David Scowsill, the president & CEO of the World Travel & Tourism Council (WTTC), has called on the travel and tourism sector to lead the world in the “eradication of poverty, cleaning up the oceans, and protecting habitats”.
Speaking at the Council’s global summit in Bangkok this week, Scowsill urged more than 900 leading figures from the public and private sector to stand up and make a real difference, to think about how we can be ‘Transforming our World’.
Travel & Tourism generates more than $USD7.6 trillion globally each year, and supports over 292 million jobs, which is now 1 in 10 jobs worldwide. The sector has grown faster than the global economy consistently in the last six years.
Highlighted as a specific driver of three of the United Nations 17 Sustainable Development Goals, business and leisure travel will help shape the global agenda for the next 15 years.
“We are now seeing the recalibration of global politics, it is becoming clearer that the economic growth we have enjoyed over the past half century, and the globalisation that has driven it, is not working for everyone. Governments are calling into question some of the basic freedoms of people movement and trade, upon which all our businesses so depend”, Scowsill said.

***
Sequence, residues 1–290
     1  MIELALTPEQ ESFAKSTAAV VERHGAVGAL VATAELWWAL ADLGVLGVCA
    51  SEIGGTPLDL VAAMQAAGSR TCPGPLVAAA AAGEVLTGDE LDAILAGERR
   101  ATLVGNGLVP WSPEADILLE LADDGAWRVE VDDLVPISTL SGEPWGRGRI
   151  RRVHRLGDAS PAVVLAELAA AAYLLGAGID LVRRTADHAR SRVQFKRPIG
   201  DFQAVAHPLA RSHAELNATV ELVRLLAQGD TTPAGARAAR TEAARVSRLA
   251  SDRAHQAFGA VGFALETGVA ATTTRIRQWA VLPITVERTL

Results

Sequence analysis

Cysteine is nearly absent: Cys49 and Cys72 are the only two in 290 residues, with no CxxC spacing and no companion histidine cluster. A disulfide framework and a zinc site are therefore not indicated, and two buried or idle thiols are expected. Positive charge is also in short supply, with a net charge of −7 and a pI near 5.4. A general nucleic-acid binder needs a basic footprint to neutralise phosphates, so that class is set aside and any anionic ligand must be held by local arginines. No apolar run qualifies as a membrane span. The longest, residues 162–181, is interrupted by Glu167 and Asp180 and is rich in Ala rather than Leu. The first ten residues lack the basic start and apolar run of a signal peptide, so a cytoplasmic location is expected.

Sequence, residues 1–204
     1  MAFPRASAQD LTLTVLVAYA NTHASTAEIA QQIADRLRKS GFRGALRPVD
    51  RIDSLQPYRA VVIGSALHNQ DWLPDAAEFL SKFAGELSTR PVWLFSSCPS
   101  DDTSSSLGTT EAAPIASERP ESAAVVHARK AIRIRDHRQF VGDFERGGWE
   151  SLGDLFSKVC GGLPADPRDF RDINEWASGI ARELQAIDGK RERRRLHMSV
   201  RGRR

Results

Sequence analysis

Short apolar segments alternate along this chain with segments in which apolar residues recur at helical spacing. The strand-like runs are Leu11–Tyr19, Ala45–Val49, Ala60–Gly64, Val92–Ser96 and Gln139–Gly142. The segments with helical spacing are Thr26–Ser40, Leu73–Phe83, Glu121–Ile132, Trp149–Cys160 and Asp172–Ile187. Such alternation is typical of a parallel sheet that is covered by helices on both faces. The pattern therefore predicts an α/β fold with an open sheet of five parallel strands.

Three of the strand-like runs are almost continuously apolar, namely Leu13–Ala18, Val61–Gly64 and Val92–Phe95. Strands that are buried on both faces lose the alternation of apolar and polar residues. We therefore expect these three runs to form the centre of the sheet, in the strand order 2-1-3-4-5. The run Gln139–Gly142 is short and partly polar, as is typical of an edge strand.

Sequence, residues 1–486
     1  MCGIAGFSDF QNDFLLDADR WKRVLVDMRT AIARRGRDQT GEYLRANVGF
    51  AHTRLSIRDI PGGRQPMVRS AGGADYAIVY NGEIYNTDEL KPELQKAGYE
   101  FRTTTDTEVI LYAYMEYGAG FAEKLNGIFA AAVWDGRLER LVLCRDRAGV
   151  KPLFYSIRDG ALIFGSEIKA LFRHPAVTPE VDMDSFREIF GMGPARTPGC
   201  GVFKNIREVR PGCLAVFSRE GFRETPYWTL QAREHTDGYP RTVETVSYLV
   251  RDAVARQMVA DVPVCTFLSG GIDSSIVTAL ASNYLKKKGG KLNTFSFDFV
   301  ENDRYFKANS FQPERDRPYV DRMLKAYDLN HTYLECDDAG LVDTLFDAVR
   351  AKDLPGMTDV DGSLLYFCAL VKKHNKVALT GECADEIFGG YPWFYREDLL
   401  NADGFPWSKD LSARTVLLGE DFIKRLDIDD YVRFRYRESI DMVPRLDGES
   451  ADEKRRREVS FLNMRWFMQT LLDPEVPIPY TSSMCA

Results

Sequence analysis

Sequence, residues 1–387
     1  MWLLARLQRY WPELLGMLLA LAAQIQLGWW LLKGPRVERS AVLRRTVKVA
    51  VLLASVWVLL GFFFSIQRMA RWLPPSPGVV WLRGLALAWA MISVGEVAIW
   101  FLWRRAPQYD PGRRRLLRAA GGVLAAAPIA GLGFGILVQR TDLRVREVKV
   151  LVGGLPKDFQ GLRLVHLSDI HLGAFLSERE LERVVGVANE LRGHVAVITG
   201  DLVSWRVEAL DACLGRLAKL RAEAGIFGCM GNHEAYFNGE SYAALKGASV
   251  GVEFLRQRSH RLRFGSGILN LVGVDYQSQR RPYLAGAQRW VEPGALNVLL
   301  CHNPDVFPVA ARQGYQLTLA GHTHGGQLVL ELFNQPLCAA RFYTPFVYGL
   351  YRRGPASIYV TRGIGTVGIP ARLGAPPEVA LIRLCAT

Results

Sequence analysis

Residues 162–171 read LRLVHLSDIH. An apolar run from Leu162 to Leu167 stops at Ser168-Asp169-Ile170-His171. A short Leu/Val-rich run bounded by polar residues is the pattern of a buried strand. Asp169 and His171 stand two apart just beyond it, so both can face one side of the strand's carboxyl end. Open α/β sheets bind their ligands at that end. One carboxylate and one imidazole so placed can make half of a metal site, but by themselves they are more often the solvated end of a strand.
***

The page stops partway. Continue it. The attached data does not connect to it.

Scowsill said that in the face of terrorism and natural disasters, Travel & Tourism has continued to show resilience as people continue to move around the world.
“The fear engendered by dividing us into races or religions destroys the notion that each human being is unique,” he said. “I believe wholeheartedly that closed borders lead to closed minds; that travel makes the world a better, more peaceful place, and that human encounters across cultures change us for the better.
“Travel is not for a privileged few. The world and its astonishing beauties are for everyone. We believe in the fundamental right of anyone to travel, regardless of their nationality, gender, religion, sexual orientation or age. Our sector must be accessible to all.
“This sector plays a vital part in the global quest for a more equal, inclusive and sustainable world. For our sector to continue to thrive we must focus on three elements; people need to be able to travel; we need successful businesses; and we need responsible practices,” Scowsill concluded.